With our minds turned to efficiency and cost considerations, the increasing density of warehouse storage space brings its own set of challenges. To increase and maximize storage, warehouse owners and operators can choose to change the pallet rack height. This change would let them accommodate more beam levels throughout the racking system.
However, this new setup should also consider the pallet racking depth: The height-to-depth ratio is a significant factor affecting the stability of racking installations. After all, a tall rack serves no purpose if it is going to topple over.
What is the height-to-depth ratio?
RMI (Rack Manufacturers Institute) defines the height-to-depth ratio for a single row of pallet rack as follows. The distance from the floor to the top surface of the highest load-supporting beam level is divided by the depth of the frame.
Section 8.1 of RMI’s ANSI MH16.1: Specification for the Design, Testing and Utilization of Industrial Steel Storage Racks advises evaluating the height-to-depth (HTD) ratio to determine the stability of a single row of standard steel storage rack.
How to determine your pallet rack's height and depth ratio
As a rule of thumb, use this formula to avoid the instability of your racking system:
H = Height – measured from floor to the top surface of the highest-supporting beam level
D = Depth – measured along the floor, from the outside of the front column to the outside of the back column.
If the height (H) of the racking system divided by the depth (D) of the frame is beyond 6, the rack design engineer must take special measures to prevent overturning, like adding row spacers, for example.
For instance, a pallet rack height is 240”, calculated from floor to top surface of the highest load-supporting beam level. This number is divided by 42″, which is the pallet racking depth of a standard upright. The ratio is then 5.714. It does not exceed 6, therefore it’s considered an acceptable ratio, within 6 to 1, needing only normal anchoring. If two systems are placed back-to-back and are not attached with a row spacer, their depths should be calculated individually as a single row (see the left side of figure 1).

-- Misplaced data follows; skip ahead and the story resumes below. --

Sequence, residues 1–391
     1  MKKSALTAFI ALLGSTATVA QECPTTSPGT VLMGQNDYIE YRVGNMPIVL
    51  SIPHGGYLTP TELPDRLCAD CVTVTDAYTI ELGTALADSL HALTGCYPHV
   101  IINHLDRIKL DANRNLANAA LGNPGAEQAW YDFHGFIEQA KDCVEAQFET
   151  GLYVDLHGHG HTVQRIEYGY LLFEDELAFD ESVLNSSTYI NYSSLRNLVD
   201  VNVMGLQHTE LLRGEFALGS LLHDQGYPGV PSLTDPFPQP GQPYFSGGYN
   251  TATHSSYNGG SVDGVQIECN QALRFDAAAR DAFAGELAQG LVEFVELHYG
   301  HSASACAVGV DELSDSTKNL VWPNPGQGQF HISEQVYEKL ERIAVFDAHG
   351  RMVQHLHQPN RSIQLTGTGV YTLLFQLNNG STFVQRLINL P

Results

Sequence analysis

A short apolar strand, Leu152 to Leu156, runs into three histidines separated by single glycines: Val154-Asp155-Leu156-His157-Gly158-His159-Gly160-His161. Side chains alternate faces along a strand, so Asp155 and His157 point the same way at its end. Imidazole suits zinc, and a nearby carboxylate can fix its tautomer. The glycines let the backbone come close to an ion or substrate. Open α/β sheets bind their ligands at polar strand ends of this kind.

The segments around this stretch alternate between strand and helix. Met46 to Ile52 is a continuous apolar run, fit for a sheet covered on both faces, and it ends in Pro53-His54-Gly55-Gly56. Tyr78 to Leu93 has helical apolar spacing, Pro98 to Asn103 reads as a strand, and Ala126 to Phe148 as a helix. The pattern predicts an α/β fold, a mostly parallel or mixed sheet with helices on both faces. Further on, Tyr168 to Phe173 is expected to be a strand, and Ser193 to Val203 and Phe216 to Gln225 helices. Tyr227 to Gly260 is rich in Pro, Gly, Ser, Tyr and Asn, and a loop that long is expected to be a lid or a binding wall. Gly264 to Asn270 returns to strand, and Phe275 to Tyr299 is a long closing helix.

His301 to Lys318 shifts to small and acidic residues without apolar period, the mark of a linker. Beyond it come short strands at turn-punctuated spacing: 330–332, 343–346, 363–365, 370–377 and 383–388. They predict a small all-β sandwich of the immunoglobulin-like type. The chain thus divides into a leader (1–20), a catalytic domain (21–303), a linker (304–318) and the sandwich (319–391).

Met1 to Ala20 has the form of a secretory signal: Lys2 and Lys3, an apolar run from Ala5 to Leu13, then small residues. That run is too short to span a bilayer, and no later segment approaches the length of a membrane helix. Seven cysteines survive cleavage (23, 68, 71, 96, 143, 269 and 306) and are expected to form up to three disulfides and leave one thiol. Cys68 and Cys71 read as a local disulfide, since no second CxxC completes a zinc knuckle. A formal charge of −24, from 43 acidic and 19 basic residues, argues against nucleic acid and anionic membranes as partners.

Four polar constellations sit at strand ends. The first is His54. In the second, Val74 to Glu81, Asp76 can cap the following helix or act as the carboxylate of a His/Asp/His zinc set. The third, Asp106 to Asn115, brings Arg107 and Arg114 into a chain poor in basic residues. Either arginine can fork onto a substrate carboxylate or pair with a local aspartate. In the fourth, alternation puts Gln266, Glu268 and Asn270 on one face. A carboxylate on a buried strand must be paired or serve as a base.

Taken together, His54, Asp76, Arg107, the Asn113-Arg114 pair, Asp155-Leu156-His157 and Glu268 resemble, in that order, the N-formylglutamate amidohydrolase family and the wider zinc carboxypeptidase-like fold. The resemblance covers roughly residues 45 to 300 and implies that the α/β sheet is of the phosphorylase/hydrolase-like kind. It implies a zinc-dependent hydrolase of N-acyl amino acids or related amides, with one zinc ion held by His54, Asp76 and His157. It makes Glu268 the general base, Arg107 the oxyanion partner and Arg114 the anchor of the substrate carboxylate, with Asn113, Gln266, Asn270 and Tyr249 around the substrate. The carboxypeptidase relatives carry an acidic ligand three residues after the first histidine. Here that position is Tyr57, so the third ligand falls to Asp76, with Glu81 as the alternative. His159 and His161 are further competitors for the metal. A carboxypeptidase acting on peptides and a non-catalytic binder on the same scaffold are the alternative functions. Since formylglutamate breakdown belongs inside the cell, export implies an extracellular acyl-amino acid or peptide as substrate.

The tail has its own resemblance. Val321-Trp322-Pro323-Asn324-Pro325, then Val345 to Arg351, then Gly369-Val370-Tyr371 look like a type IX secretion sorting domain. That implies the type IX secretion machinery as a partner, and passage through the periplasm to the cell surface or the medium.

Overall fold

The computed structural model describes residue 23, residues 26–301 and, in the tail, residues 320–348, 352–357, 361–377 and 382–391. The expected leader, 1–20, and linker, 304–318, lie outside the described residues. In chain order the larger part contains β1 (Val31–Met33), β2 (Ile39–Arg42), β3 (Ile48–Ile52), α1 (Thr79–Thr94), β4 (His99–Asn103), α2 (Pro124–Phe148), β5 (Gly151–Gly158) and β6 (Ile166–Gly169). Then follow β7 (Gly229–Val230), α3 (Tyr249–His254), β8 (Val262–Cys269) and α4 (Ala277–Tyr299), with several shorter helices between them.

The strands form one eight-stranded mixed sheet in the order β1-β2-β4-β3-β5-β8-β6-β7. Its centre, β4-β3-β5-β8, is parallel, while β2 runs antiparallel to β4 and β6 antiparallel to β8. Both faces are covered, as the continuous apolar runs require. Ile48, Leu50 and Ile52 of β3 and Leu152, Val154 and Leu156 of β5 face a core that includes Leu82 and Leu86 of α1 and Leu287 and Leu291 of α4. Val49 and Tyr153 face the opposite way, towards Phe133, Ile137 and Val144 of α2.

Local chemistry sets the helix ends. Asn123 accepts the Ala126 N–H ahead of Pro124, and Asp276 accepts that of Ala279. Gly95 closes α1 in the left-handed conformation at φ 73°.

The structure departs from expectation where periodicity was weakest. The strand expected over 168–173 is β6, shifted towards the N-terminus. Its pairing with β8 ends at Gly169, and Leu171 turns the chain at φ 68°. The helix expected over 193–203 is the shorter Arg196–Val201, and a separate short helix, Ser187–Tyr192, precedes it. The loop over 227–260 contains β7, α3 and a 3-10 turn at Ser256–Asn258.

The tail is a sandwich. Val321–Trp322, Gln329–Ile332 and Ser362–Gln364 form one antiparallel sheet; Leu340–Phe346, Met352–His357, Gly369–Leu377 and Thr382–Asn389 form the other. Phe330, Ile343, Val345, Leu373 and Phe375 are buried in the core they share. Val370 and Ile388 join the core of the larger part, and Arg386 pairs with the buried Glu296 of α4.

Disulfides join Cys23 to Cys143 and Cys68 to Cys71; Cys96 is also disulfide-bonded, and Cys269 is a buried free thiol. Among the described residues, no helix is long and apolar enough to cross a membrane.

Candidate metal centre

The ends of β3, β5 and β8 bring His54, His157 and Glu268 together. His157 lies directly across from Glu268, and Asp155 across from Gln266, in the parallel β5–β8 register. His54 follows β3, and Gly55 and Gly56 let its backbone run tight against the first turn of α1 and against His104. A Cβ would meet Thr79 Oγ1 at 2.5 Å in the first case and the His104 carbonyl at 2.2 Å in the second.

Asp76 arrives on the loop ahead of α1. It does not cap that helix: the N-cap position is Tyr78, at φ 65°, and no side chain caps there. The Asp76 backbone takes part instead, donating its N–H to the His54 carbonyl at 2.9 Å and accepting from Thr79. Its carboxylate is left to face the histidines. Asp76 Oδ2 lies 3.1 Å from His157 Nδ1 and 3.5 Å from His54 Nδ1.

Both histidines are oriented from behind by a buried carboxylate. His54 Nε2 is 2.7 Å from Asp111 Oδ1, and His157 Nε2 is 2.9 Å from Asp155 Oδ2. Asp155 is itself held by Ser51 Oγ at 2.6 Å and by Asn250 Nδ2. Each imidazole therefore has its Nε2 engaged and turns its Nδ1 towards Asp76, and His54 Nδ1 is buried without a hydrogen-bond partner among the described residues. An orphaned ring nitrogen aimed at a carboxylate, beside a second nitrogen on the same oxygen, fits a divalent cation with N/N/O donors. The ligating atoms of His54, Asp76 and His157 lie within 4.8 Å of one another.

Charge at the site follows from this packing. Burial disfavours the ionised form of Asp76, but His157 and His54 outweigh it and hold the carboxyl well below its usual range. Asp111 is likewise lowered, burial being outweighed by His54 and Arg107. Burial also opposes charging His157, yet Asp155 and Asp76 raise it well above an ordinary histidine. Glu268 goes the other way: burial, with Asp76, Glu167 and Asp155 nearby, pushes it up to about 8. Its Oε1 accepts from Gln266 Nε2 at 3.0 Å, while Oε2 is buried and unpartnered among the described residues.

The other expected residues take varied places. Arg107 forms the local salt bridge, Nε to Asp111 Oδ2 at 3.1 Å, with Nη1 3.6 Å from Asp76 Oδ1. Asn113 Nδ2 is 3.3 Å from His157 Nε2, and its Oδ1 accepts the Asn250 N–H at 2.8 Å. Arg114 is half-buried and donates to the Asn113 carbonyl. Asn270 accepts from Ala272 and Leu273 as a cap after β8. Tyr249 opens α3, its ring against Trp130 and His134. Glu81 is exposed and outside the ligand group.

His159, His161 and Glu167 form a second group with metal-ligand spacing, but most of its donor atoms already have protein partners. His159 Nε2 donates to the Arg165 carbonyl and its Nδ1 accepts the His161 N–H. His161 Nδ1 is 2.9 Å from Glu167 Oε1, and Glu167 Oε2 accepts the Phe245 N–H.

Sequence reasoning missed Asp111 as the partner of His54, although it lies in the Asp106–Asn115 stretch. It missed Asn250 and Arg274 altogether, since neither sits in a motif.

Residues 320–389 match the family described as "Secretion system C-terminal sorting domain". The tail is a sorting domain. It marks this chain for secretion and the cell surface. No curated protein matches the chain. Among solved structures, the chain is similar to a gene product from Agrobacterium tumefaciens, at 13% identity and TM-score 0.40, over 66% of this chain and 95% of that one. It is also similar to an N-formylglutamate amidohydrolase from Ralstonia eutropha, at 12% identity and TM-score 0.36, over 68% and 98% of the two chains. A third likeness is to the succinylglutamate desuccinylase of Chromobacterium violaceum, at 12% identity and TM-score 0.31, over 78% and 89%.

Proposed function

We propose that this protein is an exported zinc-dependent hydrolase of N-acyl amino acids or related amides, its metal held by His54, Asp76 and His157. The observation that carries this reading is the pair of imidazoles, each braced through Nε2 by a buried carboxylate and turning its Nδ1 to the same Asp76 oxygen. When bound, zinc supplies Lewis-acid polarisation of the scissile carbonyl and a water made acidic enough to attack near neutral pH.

If the same 42″ deep frame is 24′ tall, this would result in a ratio of 7:1, and additional measures should be incorporated to further secure the rack and avoid possible overturning.
Additional measures to stabilize your pallet rack
As already mentioned, one option is to add row spacers to connect rows of uprights and maintain even spacing between racks. Placing rows of racks in a back-to-back configuration and connecting them with row spacers will greatly increase stability.
Pallet rack anchors
Adding anchors will stabilize the rack and diminish the risk of upright displacement. The choice of anchors must be approved by a professional engineer. Installing larger baseplates will also allow better load distribution to the ground, with more space to anchor the frame.
Cross-aisle or overhead ties
Adding cross-aisle or overhead ties to connect the topmost sections of the upright frames that span across an aisle can also prevent overturning. This is recommended by ANSI MH16.1 if the height-to-depth ratio exceeds 8 to 1.
Following the height-to-depth ratio: a simple rule of thumb to improve safety
This rule of thumb mentioned above is meant for standard rack frames arranged in a single row. It does not apply to racks with cantilevered uprights or columns that are set back at their base. Whenever you want to make changes to the configuration of your storage pallets or the racks supporting them, you should consult a specialized rack design engineer.
If you would like to book a warehouse inspection or simply speak with one of Damotech's rack safety experts, click here. Remember that saving space could compromise safety. Following the pallet rack height-to-depth ratio keeps everyone on the safe side. Making well-informed choices will help you ensure your rack's stability.